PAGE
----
Advertising For a Kidney

By Jennifer M. Flood

Advertising for a Kidney

It was the end of the summer of 2007, August to be exact. I sat there in my cubicle looking at my computer screen with a blank stare. I started to think about my father. I hadn’t been talking to him for some time. We had been out of touch and it bothered me.

Suddenly, I received a phone call from my sister. Her voice was troubling and she sounded concerned. It was about my father. She told me in those few minutes that our father wasn’t doing well. He was told by his doctor in April that he had 6 months to get a kidney transplant; otherwise he would have to go on dialysis. I knew he had been diagnosed with chronic renal failure a couple months back. She stated to me that he had registered with a hospital in Manhattan to be on the national waiting list in New York.

She said that he thought this was his only option. We spoke about how we were tested in the past as a family. Unfortunately, we were all incompatible due to blood type. Her words inspired me in those few minutes that we spoke. I felt that I had to respond. After all, he was my father, and it didn’t matter to me at that point if we were talking or not.

Advertising for a Kidney - The Flood Family - Jennifer M Flood

I had worked as a nurse five years prior to changing careers. I now worked in finance in Manhattan. I knew the national organ transplant waiting list took two to five years to receive a kidney. I also knew that if he waited that long, he would surely be on dialysis. Lastly, I knew when the time came for him to receive a transplant, it would be from a cadaver. I didn’t want to see my father go through dialysis or wait on a list. I kept thinking to myself that there had to be a way out of this mess, a quick fix.

The website was a marketing tool. You could create ads for various things at no charge. The site provided basically free advertising.had been quite successful in the past, so we figured why not for our father? Why not for a kidney?

The idea came shortly after getting off the phone with my sister. We both agreed that we would use a website called craigslist to find a donor for our father. In the past, my sisters and I had used this website for finding jobs, selling furniture, and finding childcare. It was even a community for meeting people, contacts, and friends. It was a great outlet for gaining exposure as it serviced people within the states and those outside the United States. It was a website that you could use as a marketing tool. You could create ads for various things at no charge. The site provided basically free advertising. It was great because you could choose where to place your ad and in return you received great exposure. The website had been quite successful in the past, so we figured why not for our father? Why not for a kidney?

I started typing away at my desk at work. The ad read: “Please help me find a kidney for my dad.” It sounded desperate but it’s what came to my mind at the time. I also placed all our personal contact information on the ad. I knew he didn’t have much time as I remembered my sister telling me that he had 6 months to receive a transplant otherwise he would need dialysis. Those words scattered through my head like butterflies.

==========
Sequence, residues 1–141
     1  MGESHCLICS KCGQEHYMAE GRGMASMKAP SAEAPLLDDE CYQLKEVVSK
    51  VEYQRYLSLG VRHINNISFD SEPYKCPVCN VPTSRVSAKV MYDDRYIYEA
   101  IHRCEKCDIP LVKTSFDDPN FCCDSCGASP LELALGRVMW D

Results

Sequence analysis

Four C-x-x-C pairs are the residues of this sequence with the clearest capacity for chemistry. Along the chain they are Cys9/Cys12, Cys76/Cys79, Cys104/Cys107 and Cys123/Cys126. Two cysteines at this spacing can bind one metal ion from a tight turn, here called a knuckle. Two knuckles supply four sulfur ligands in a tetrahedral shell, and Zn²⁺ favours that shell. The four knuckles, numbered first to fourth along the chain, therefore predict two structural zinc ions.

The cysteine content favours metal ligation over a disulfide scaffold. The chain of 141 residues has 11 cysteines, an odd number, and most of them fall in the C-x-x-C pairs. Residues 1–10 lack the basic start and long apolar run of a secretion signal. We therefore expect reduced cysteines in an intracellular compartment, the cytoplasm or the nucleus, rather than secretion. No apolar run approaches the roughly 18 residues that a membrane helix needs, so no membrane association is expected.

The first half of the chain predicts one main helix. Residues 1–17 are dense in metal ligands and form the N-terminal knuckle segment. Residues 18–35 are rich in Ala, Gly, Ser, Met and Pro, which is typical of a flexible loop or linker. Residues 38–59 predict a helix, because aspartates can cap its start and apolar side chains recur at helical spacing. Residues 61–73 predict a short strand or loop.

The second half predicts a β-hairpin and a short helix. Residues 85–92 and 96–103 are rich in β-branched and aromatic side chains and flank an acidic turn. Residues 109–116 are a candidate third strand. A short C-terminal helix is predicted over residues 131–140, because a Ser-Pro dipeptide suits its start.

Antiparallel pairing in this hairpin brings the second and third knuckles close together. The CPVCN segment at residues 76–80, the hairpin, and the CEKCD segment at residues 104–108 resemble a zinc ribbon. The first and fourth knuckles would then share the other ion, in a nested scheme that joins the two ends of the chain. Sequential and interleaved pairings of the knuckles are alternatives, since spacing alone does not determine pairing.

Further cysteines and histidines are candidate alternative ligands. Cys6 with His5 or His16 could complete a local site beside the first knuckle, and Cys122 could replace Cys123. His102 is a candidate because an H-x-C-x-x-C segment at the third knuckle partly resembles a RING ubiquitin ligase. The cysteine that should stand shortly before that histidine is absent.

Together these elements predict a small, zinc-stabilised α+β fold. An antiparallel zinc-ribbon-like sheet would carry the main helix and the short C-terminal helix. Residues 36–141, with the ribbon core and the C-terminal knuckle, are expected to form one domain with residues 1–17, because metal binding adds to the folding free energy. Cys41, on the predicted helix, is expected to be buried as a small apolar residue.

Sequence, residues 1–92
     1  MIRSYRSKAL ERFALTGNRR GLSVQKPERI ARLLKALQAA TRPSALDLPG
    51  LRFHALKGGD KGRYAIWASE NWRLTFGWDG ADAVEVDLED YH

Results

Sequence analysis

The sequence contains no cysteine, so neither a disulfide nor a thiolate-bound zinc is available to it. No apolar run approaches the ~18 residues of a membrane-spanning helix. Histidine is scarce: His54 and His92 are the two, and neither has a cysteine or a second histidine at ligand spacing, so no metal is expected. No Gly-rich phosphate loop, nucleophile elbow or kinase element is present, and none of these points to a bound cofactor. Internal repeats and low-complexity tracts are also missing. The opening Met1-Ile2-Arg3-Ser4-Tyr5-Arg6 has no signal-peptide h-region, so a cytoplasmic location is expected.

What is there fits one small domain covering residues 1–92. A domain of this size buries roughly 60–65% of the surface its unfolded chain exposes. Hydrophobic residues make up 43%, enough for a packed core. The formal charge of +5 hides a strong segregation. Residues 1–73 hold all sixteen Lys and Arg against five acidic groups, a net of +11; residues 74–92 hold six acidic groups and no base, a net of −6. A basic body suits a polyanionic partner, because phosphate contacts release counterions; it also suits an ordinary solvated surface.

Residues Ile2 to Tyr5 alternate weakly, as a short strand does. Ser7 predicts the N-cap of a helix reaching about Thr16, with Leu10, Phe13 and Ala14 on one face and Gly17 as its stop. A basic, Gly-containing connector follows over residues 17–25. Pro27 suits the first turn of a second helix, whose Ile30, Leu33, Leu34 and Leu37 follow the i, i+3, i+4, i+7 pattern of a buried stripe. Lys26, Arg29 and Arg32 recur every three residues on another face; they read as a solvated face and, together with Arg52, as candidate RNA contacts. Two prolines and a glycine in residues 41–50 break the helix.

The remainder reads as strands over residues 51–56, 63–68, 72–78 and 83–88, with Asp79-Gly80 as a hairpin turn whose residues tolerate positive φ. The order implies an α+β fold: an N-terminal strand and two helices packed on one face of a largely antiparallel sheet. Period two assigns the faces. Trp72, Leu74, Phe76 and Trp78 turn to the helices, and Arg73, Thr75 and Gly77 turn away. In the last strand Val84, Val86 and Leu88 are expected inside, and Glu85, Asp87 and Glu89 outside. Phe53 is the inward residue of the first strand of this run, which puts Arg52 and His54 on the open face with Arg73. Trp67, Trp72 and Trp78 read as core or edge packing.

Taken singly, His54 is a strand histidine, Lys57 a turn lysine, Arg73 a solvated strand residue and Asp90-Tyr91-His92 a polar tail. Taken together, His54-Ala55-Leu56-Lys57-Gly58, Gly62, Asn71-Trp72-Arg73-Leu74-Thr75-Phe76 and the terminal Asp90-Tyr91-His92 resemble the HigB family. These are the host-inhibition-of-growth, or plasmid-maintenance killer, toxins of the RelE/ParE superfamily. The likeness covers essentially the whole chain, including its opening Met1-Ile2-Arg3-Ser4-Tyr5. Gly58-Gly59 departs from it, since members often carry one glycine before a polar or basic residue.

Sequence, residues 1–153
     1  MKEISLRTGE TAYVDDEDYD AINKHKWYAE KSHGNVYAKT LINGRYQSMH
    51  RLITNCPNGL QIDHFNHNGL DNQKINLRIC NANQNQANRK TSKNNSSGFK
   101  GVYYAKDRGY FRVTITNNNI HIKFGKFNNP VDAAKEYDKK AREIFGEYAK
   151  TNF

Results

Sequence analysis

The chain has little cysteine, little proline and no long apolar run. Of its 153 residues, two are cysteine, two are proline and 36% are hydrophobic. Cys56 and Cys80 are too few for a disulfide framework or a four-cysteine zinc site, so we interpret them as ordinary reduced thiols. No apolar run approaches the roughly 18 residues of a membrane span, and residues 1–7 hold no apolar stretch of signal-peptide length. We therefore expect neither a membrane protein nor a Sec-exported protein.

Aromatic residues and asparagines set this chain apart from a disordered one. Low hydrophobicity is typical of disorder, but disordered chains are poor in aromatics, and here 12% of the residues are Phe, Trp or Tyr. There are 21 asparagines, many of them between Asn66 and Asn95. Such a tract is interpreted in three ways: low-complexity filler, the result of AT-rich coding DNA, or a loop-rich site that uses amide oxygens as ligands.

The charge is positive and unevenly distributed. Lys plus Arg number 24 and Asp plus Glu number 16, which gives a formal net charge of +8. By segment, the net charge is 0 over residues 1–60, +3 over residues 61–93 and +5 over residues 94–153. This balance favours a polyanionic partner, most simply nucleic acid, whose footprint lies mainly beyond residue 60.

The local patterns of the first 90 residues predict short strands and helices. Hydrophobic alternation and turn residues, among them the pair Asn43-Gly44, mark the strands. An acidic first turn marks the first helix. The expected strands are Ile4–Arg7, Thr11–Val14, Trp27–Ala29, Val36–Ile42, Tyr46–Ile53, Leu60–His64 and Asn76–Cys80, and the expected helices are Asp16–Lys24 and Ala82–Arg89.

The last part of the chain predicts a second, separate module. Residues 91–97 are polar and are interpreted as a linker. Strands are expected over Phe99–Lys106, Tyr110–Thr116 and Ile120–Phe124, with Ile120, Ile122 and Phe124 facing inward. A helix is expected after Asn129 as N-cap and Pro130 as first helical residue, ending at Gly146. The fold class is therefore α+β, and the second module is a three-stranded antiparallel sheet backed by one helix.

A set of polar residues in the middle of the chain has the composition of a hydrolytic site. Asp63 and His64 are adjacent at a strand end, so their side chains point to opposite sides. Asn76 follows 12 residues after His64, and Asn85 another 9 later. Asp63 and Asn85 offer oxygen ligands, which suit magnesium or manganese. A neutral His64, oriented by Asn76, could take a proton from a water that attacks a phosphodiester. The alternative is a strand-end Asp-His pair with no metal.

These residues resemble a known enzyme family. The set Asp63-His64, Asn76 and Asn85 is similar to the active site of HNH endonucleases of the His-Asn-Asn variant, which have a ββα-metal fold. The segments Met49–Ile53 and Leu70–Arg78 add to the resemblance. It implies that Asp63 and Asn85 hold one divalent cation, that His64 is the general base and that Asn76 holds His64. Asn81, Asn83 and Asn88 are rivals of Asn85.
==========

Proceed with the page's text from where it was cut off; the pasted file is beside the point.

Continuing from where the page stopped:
A week went by and one person responded, a man from New York City. He stated he worked in substance abuse counseling and wanted to donate. While speaking to him for about a few weeks, his stories would change and he was never consistent. It turns out he was mentally sick. I kept posting ads along with my sisters, thinking to myself that there was still hope.

Out of the disappointments, came words of encouragement and empathy. It was great to see these people reaching out to our family and to our father.

It was now fall and the changing of the leaves reminded us to continue our search. It gave us a feeling that this was a time of renewal and so we began posting more ads. A few days later, all of us received several emails from numerous people who were just reaching out. It was quite amazing. Then came the few people that wanted monetary rewards for donating their kidney. We knew that selling organs was illegal and so we dismissed them. Out of the disappointments, came words of encouragement and empathy. It was great to see these people reaching out to our family and to our father. People were also praying for us from all over the United States. They helped us deal with the disappointments as we continued on our mission to save our father. They gave us hope and that is what kept us going.

Finally, it was October and a local news radio reporter saw our ad on craigslist. It just so happened that she was an old classmate of ours from school, but we hadn’t spoken to in years. She wanted to interview my sisters and I along with our parents. She thought the story was compelling and that she would be able to relay the message to the public. She had stated that once we completed the interview, we would be getting more media attention along with obtaining more donors.

People kept contacting us wanting to donate. We started to compile a list. Many fell through the cracks as they had medical issues or just weren’t genuine donors. Some were scams.

A day later, our cell phones would not stop ringing. We began getting reporters calling from all the national news stations. My sisters arranged the media to come to my parent’s home. They soon came in hordes wanting to hear our story. They interviewed us and shortly afterwards, we were on national news along with being in the local newspaper. We couldn’t believe everything that was going on!

We were shocked that our idea had brought attention to so many. The reporters couldn’t believe what an amazing idea it was to post an ad on this website for a kidney donor. They stated the website had never been used as a medical venue before. Once again, we didn’t know this. We just posted the ad because we knew we had to find a way to save our father’s life.